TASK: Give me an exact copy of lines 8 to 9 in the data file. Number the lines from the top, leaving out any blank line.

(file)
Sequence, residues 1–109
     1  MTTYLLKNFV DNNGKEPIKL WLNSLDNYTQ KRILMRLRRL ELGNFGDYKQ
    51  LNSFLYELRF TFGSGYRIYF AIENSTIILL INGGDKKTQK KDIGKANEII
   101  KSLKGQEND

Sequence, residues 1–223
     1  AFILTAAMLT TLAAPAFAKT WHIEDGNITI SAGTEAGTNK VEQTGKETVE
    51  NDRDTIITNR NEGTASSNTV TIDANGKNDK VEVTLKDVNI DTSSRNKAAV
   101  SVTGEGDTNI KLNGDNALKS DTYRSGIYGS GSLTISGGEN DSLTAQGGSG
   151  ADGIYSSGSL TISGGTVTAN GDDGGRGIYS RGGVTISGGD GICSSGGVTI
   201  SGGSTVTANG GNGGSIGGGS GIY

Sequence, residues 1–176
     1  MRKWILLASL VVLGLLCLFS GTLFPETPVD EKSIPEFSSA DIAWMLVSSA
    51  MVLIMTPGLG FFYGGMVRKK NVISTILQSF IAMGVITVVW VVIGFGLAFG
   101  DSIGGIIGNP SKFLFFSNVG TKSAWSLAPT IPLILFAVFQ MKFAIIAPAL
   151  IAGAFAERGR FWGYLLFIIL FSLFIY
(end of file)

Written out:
   101  SVTGEGDTNI KLNGDNALKS DTYRSGIYGS GSLTISGGEN DSLTAQGGSG
   151  ADGIYSSGSL TISGGTVTAN GDDGGRGIYS RGGVTISGGD GICSSGGVTI